For more than one year, the COVID-19 pandemic has claimed lives while preventing large gatherings, like funerals, that allow people to grieve with family and friends.
On Saturday, workers at Arlington Memorial Garden wanted to give families who could not attend funerals during the pandemic an opportunity gather and share in their loss with others.
"It was difficult because of the pandemic and everything," said Michael Wilver, whose mother died in December. "We couldn't spend the right kind of time that we wanted to be with her."
Wilver's mother was in a nursing home, which prevented the family from spending final moments with her before her death. On Saturday, they were given the opportunity to come together as a family and remember her.
"I'm just here to honor her and all the love that I've always had for my mom," said Cathy Delehanty, Wilver's sister.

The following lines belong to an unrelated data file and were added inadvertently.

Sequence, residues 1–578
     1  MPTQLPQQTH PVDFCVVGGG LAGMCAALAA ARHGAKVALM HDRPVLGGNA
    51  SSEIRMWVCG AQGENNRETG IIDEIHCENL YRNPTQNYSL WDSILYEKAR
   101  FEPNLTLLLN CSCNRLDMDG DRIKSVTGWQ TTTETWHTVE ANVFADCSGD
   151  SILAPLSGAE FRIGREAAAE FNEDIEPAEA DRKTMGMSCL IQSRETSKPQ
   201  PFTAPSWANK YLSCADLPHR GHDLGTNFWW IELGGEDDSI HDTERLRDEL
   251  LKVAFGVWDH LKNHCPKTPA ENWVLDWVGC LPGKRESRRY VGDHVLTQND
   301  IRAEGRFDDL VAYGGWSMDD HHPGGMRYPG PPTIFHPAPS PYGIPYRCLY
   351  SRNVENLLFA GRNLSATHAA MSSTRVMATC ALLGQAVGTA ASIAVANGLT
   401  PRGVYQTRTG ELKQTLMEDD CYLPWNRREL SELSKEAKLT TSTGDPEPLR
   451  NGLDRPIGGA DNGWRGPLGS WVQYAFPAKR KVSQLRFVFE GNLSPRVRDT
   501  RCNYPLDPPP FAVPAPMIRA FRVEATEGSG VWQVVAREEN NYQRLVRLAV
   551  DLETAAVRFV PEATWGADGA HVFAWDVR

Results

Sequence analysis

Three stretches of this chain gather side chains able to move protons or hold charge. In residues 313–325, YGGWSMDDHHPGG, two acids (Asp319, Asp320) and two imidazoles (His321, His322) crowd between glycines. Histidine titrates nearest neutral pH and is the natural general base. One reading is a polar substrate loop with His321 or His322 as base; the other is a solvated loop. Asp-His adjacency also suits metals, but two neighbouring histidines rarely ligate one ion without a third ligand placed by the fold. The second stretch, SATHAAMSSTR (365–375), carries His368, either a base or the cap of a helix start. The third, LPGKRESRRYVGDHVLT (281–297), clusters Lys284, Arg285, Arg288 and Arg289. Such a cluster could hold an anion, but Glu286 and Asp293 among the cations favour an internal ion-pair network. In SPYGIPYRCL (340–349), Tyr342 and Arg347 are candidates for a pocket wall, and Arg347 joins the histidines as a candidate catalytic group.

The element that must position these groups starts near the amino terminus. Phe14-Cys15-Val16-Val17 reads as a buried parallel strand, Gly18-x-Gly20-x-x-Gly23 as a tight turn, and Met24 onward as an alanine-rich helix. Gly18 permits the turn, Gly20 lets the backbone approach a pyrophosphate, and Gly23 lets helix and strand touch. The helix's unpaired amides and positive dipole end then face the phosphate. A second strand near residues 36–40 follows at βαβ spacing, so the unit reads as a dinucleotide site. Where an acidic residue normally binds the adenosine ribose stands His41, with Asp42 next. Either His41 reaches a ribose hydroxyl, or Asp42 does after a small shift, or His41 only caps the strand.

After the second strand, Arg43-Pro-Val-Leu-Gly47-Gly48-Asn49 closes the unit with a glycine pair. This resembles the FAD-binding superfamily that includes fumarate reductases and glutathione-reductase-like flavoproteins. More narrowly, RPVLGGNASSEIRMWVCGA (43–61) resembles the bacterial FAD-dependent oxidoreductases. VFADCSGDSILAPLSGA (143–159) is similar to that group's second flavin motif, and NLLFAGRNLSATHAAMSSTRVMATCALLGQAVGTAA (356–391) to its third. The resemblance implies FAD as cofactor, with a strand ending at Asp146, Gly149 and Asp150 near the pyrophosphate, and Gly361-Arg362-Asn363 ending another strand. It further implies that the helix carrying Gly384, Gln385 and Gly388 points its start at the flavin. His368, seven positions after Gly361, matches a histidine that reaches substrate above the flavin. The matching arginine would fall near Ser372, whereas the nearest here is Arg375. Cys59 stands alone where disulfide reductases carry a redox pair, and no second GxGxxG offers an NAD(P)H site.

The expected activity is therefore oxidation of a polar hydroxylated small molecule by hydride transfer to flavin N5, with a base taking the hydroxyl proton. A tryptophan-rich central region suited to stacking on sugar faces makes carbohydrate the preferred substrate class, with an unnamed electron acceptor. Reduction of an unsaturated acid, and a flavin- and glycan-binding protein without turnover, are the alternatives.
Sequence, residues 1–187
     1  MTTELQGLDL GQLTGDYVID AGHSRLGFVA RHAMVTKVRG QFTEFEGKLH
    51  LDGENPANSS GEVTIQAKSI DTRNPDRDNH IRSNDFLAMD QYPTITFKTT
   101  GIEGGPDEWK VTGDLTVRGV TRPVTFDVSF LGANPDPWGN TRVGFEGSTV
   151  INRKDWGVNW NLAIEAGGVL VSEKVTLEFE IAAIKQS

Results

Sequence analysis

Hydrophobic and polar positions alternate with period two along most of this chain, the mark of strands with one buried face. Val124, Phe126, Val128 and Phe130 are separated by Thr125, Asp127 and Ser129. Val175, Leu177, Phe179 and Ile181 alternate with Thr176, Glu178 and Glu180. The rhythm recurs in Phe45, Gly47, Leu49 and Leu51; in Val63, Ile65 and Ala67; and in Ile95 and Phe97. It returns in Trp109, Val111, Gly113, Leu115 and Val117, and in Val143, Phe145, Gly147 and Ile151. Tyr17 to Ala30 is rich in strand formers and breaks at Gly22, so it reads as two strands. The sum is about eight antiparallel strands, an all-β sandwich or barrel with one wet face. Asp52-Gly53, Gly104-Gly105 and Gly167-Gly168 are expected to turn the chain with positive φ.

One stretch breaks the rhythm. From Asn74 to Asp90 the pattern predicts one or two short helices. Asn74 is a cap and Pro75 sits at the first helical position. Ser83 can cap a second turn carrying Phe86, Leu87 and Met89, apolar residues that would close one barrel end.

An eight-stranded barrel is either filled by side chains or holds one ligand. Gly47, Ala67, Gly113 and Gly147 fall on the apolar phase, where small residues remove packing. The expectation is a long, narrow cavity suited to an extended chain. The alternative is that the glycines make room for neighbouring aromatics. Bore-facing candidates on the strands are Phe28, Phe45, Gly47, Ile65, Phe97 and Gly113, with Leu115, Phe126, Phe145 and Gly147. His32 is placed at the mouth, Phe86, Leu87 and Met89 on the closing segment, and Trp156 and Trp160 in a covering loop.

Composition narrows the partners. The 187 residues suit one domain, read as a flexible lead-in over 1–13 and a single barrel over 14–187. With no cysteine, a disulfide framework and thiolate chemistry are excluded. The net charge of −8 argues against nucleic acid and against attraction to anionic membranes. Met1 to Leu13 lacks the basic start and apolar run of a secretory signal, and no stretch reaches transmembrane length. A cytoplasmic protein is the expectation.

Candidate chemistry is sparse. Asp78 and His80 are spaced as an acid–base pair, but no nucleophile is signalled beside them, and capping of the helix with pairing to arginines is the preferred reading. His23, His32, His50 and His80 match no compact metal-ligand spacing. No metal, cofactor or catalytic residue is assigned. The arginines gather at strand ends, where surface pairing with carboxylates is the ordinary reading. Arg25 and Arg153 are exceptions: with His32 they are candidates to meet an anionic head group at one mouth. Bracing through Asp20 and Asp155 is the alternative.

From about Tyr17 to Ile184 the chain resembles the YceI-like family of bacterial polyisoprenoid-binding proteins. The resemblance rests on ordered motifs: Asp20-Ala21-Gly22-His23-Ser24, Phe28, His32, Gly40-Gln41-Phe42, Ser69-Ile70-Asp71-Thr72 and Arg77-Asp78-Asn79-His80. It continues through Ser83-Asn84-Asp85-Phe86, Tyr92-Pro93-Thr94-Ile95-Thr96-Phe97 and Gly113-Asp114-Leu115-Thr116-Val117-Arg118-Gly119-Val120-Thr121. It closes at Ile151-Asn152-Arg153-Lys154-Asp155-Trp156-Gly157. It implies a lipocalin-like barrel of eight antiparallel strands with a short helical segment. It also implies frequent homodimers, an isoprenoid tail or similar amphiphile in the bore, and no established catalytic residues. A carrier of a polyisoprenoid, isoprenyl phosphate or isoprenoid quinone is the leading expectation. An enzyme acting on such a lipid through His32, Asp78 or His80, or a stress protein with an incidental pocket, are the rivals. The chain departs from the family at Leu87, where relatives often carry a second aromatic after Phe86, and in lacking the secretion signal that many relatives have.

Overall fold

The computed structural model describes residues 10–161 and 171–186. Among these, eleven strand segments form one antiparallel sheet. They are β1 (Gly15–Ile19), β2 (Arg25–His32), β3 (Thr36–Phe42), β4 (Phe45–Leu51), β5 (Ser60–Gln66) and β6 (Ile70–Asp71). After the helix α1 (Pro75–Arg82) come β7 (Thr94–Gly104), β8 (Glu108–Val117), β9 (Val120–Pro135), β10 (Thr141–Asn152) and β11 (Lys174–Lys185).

The Walk in Remembrance event invited families to light candles and remember their lost loved ones lost during the pandemic -- no matter how they died.
"It's been heartbreaking watching families come in over the past year," said Lisa McClain, with Arlington Memorial Gardens. "You know, we've got the normal grief of losing a loved one. Then as we had to do here at Arlington and other funeral homes and cemeteries throughout the Tri-State, you could only have so many people attend a funeral service, and it's heartbreaking for the families. They couldn't have the service for their loved ones that they wanted to. So we're hoping to be able to help people along their grief journey and get some support from their families."